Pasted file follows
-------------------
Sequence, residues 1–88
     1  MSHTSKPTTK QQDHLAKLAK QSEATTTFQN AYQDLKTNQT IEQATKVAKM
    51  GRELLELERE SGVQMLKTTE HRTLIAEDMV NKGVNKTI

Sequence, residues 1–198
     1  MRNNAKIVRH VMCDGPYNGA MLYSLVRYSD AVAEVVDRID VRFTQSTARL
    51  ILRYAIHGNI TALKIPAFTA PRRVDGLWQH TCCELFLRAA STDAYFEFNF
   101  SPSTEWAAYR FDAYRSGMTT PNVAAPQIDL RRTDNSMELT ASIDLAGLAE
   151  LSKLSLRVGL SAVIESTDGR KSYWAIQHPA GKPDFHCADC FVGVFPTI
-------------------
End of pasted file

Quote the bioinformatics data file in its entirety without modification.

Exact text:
Sequence, residues 1–88
     1  MSHTSKPTTK QQDHLAKLAK QSEATTTFQN AYQDLKTNQT IEQATKVAKM
    51  GRELLELERE SGVQMLKTTE HRTLIAEDMV NKGVNKTI

Sequence, residues 1–198
     1  MRNNAKIVRH VMCDGPYNGA MLYSLVRYSD AVAEVVDRID VRFTQSTARL
    51  ILRYAIHGNI TALKIPAFTA PRRVDGLWQH TCCELFLRAA STDAYFEFNF
   101  SPSTEWAAYR FDAYRSGMTT PNVAAPQIDL RRTDNSMELT ASIDLAGLAE
   151  LSKLSLRVGL SAVIESTDGR KSYWAIQHPA GKPDFHCADC FVGVFPTI